'If they're withholding those documents, there must be a reason for it': Nessel reacts to MSU's Nassar decision
Michigan Attorney General Dana Nessel said she's "relieved" that Michigan State University has decided to turn over previously withheld documents related to Larry Nassar's sex abuse. But the state prosecutor expressed concern as her office continues its investigation into the school's handling of accusations against the former sports doctor.
"We don't know what's going to be in there," Nessel told WKAR after MSU's Board of Trustees approved the documents' release on Friday. "We don't know that there's a smoking gun."
Nessel said it would be at least four weeks until MSU turned over the remaining 6,000 documents, a trove of emails that have been the focus of the state's ongoing inquiry into the MSU-Nassar scandal. Time is already jeopardizing future legal action.
"Having held on to those materials an extra five years or so likely means that for many potential criminal acts, the statute of limitations likely would have run," Nessel said. "It's possible that former MSU staff and employees have evaded criminal prosecution."
WKAR's Michelle Jokisch Polo spoke to Nessel to discuss the forthcoming release of the MSU-Nassar documents.
On her theory of what the documents contain
Our suspicion, of course, has always been: if they're withholding those documents, there must be a reason for it. And while I've heard it be suggested that there's really nothing that interesting in there, if there really isn't, then how come we didn't turn it over years and years ago?
On the impact of the delayed release
It's very possible that the timing of this release coincides with the culmination and the disposition of pending civil litigation, as well as the knowledge that some of these potential criminal activity now the statute of limitations [has run out] will eliminate the ability of our department to prosecute those matters.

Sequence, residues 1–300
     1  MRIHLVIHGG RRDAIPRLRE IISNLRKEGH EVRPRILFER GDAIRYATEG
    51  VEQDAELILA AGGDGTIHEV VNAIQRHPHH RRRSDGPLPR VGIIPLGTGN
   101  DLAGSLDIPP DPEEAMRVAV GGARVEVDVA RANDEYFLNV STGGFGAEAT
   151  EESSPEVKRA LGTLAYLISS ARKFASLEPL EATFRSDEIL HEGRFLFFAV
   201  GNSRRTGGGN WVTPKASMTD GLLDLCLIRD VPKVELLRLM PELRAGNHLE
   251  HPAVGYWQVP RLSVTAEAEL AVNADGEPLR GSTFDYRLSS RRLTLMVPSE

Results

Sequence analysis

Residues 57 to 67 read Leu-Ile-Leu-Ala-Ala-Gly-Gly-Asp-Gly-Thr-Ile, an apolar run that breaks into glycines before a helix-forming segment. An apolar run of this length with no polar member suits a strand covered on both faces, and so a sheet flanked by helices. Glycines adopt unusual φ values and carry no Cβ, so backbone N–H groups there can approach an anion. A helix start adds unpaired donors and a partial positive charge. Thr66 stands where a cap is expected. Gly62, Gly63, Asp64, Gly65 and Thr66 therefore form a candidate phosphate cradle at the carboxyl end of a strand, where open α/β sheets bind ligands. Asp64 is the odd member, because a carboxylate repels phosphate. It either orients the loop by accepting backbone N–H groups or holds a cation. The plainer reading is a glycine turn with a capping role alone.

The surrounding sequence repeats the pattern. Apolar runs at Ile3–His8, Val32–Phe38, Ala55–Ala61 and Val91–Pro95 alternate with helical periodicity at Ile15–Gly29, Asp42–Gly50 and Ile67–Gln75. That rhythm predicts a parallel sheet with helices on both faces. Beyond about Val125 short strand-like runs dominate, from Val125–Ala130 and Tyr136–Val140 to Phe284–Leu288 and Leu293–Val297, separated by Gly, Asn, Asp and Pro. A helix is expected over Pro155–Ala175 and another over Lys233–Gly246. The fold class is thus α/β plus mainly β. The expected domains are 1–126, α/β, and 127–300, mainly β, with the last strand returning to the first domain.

On her message to survivors
We're going to try as hard as we can to put this back together to review the documents and to answer questions that we can possibly answer that I think the public deserves to have and deserve to have it a long time ago.
Michelle Jokisch Polo: What is your reaction to the Board of Trustees decision today?
Dana Nessel: Well, surprise. I didn't obviously know this was going be on the agenda. It's been talked about for quite some time. But I did not know that this was going to happen today. And my understanding is that perhaps there was some civil litigation that was recently wrapped up. But that's just as me reading the papers.
I'm relieved that they're doing it as long last. And I'm grateful to the survivors and the survivor community that just never gave up. And meeting after meeting, week after week, month after month, year after year, insisted that at long last the MSU Board of Trustees fulfill their commitment to this investigation and to providing the necessary documents, and to allowing us to close out this investigation properly. And when I say properly, I mean, having reviewed all the pertinent information and documents.
Jokisch Polo: Can you explain why your office needs to review these documents. MSU has provided thousands of pages of information already. I mean, what else is missing?
Nessel: What's missing is over 6,000 emails where the Board of Trustees claimed attorney-client privilege. Throughout the course of the investigation that was done back in 2018, MSU, even though they had themselves requested the Department of the Attorney General conduct this investigation, they consistently stonewalled the investigation.
They inundated the department with unrelated materials. They interfered with and impeded our investigative efforts and our ability to interview witnesses. So, it seemed as though the university didn't really want the investigation that they themselves had requested, which was a source of great frustration, right?
The taxpayers paid for this. We had dozens of staffers between the Michigan State Police and the Department of the Attorney General, both attorneys and investigators who reviewed these materials. But without those 6,000-plus documents, how could we possibly formally complete this investigation?
And our suspicion, of course, has always been: if they're withholding those documents, there must be a reason for it. And while I've heard it be suggested that there's really nothing that interesting in there, if there really isn't, then how come we didn't turn it over years and years ago?
So, we're looking forward to our ability to review those documents, and hopefully to answer some unresolved questions. But then again, we don't know what's going to be in there. So we don't know that there's a smoking gun.
And the other thing that I think the public should be aware of is that having held on to those materials an extra five years or so likely means that for many potential criminal acts, the statute of limitations likely would have run. Because not for all criminal activity, but for most crimes in the state of Michigan, there's a six-year statute of limitations. So by withholding these documents for as long as they have, it's possible that former MSU staff and employees have evaded criminal prosecution.